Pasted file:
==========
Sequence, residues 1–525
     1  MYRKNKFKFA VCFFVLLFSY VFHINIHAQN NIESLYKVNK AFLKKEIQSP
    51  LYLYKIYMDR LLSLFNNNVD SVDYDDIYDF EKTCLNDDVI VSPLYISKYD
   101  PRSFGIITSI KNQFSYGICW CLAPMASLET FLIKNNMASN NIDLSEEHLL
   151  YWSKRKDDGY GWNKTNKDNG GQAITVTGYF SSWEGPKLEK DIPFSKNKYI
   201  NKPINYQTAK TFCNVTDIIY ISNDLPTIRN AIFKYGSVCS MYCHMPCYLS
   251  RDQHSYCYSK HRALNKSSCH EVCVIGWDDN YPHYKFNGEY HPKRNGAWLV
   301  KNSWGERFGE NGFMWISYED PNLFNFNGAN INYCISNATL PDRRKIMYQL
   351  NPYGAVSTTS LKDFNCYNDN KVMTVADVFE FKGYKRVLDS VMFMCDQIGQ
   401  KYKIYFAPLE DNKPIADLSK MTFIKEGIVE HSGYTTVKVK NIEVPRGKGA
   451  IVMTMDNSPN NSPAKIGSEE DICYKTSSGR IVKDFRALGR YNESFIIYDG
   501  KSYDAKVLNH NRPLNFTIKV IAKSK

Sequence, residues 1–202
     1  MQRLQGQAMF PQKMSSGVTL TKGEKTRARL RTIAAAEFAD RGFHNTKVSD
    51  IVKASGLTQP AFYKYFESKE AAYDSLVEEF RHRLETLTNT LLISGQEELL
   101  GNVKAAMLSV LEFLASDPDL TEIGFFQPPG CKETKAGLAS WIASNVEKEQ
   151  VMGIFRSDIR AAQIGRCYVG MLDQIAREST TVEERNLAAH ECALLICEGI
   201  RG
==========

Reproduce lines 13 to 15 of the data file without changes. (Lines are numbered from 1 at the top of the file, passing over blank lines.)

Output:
Sequence, residues 1–202
     1  MQRLQGQAMF PQKMSSGVTL TKGEKTRARL RTIAAAEFAD RGFHNTKVSD
    51  IVKASGLTQP AFYKYFESKE AAYDSLVEEF RHRLETLTNT LLISGQEELL